I’m often asked, “What should we be measuring?” or “Can you share with me what you consider to be leading practice metrics for x?” I’m always bemused by such requests–I sort of understand why I’m being asked, but it really does not make sense. It’s like contacting a stranger and asking, “What new car should I buy?” Only you know what your needs are, how much you can afford, other constraints, prior history and preferences, etc.
Insight #1: If you want to know what to measure, ask your customer what is important to them!
Generally, you are measuring with a purpose–to inform, motivate, or to improve.
- If inform is the purpose, you need to know what the recipient would most like to be informed about.
- If the purpose is to motivate, you need some sense of what motivates/demotivates those you are trying to influence.
- If improve is the purpose, you need to know what the customer would consider to be a worthy improvement.
Insight #2: Don’t get stuck on the same old measures!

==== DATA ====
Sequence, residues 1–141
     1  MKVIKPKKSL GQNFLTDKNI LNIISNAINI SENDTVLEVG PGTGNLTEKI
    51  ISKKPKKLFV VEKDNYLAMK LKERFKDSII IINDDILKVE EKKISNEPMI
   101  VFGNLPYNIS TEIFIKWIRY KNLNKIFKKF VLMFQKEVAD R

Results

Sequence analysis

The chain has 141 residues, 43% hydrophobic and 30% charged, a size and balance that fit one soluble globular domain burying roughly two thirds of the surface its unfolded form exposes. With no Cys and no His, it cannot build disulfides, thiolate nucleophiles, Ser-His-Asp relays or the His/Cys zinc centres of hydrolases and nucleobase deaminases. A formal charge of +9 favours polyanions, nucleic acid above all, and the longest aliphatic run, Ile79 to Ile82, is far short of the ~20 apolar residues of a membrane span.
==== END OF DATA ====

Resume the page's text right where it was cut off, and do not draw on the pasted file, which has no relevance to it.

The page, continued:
The things you measure should change over time as your performance improves, especially if the measurement purpose is to improve. I recall a client that had poor delivery performance–always late and over budget. So, they started measuring and publishing delivery performance stats.
2 years later, as part of a quality management initiative, they learned from a business partner that the performance stats were being ignored as they were no longer relevant–the business trusted that systems would be delivered on time and within budget. What they really cared about (now that delivery was predictable) was time to value–i.e., not when the new system was implemented, but when it was actually delivering business value!
In short, you get what you measure. As you get it, the things you want change (sort of a Maslow’s Hierarchy!) so the things you measure should change as the customers needs evolve.
Graphic courtesy of Project Management Tools That Work